“It’s been crazy with the stoppage and the COVID happening and the guys coming in and out.” Pastrnak assessed. “We’ve just been focused on stuff other than hockey. So for me, I’m just happy that we’re back, especially in the new year. We’ve been playing some great hockey in these last three games. So hopefully we can keep going, and that’s all that matters.”


As the upbeat Pastrnak found his scoring touch, another young Bruin may have inched closer to obtaining a permanent roster spot.

Steen deserves an extended look with the big club.

The Bruins held Military Appreciation Night at TD Garden on Tuesday. They probably would’ve scheduled a pinball promotion as well had they foreshadowed the crazy bounces that found the back of the net for both teams.

Steen found himself on the receiving end of one of those pinball wizard moments shortly after New Jersey’s first tying marker on a Nathan Bastian breakaway. Using his baseball-like reflexes, Steen batted the bouncing puck at the top of Blackwood’s net for a unique first career marker early in the second period.

“Steen has been playing great,” Lazar said. “I told him, ‘the first one is always the hardest to get out of the way.’ So I’m looking forward to see what he does in the next game here.”

The Bruins kept Steen in a bottom-six role whenever they called him up from Providence. Even at just 5-feet-9-inches, Steen hasn’t shied away from creating quality looks in the gritty scoring areas.

Filling in for Jake DeBrusk (COVID protocol) on the third line Tuesday, Steen’s crafty skillset and slick skating suited him well with veterans Charlie Coyle and Nick Foligno. Steen hasn’t looked out of place whenever he found himself in Boston’s lineup. And his work ethic, despite his stature, provides another layer of competition within the organization.

“Well, the guys like Oskar. He’s quiet; he works hard; he plays the right way, goes hard to the net and finishes his checks,” Cassidy said. “Especially for a guy who’s not that big, he plays a courageous game.”


With more production, Steen could very well see an increased role in Boston. He became an unlikely offensive source on this night, as did the second half of the bottom-six.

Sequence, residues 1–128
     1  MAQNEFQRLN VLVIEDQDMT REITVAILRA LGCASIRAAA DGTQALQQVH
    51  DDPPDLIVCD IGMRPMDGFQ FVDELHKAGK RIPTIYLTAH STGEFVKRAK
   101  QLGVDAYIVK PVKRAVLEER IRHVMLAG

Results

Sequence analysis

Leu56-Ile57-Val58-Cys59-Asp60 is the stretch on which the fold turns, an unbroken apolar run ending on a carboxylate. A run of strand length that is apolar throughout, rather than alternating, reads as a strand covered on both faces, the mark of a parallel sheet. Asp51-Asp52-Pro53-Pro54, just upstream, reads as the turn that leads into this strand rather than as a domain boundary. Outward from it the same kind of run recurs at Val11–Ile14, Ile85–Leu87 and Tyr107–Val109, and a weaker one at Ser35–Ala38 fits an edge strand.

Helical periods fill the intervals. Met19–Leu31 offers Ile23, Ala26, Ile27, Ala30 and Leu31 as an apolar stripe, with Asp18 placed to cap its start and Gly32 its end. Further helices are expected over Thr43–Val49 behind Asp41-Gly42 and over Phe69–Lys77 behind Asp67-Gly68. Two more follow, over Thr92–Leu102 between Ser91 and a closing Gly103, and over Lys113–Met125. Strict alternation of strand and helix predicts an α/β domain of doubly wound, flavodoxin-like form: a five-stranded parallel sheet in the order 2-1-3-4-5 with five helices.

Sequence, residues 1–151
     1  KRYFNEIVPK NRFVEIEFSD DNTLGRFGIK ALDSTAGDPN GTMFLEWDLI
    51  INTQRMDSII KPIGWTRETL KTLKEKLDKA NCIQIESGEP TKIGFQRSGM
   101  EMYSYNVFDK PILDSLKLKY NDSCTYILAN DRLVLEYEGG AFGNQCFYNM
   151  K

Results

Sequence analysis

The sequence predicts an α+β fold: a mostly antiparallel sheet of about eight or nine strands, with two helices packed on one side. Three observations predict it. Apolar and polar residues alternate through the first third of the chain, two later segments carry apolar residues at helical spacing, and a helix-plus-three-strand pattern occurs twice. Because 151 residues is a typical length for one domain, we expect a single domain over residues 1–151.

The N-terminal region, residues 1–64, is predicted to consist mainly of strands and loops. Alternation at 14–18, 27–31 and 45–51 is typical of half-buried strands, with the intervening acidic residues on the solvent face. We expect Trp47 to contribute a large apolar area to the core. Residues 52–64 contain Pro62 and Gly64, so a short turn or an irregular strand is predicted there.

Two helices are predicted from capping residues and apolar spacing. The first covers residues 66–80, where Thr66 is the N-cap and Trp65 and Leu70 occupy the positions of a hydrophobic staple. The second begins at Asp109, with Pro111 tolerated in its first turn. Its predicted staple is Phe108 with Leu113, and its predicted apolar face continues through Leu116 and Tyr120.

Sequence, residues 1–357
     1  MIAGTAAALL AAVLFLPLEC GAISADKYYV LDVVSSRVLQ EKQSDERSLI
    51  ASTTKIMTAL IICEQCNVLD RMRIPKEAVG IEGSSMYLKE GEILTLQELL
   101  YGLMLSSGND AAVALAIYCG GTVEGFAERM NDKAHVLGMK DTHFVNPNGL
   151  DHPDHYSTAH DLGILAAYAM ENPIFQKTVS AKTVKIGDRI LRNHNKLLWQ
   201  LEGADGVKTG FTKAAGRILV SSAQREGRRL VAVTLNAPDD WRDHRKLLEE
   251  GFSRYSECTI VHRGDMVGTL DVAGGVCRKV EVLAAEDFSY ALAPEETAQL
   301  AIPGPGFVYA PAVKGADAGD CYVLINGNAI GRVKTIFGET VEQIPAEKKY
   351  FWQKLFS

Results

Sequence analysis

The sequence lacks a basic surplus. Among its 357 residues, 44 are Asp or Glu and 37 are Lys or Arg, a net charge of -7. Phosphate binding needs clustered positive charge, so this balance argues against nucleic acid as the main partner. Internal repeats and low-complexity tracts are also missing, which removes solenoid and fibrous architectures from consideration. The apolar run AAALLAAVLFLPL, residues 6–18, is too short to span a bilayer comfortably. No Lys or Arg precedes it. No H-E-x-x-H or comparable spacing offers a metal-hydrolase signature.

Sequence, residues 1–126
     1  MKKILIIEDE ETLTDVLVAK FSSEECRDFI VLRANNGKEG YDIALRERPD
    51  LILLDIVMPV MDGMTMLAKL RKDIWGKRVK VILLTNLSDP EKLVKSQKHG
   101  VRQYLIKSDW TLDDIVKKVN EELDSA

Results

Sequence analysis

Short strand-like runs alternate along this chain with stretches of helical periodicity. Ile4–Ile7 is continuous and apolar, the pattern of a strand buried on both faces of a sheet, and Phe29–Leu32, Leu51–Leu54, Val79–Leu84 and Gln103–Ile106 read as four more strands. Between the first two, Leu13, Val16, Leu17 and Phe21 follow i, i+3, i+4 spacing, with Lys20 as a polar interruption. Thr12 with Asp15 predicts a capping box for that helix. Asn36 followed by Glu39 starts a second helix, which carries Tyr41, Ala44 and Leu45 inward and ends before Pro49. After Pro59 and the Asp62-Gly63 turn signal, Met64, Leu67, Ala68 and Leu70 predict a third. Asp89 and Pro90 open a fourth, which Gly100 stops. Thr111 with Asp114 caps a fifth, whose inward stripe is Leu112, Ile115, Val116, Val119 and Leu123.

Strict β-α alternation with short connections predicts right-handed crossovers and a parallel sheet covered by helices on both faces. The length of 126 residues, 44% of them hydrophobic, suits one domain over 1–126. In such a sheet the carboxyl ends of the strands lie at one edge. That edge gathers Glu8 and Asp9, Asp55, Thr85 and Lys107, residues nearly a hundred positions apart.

The fourth line was Boston’s best trio.

Boston’s top-six hardly lacked in scoring chances. Yet, the Bruins needed to lean on their secondary options again on Tuesday until Pastrnak’s go-ahead tally.

This time, they turned to the fourth line of Lazar, Frederic and Tomas Nosek. The trio set the tone on an odd night at TD Garden, beginning with Lazar firing a changeup past Blackwood for his third of the season a mere 2:53 in.

The breaks continued in the middle 20 as Frederic scored in his second straight game after his bank shot from a tough angle found its way past Blackwood.

Quite frankly, the fourth line earned their breaks with arguably their best outing of the season. They created numerous quality looks on Blackwood with their aggressive checking game, and drew a penalty on Damon Severson leading to Boston’s lone forgettable power-play attempt resulting in Severson’s breakaway tally out of the penalty box after time expired. In 9:39 of 5v5 time with the Frederic-Lazar-Nosek trio, the Bruins outshot the Devils 8-1 and held a 13-4 edge in shot attempts.

“We were reading off each other well,” Lazar said. “I thought we did a really good job on the forecheck retrieving pucks and turn those chances into something. Obviously the goals weren’t the prettiest, but it’s always nice to chip in on the scoreboard.”

The Bruins lit the scoreboard through various means over the last three games. They hope that trend continues amid a tougher and busier schedule.


This discussion has ended. Please join elsewhere on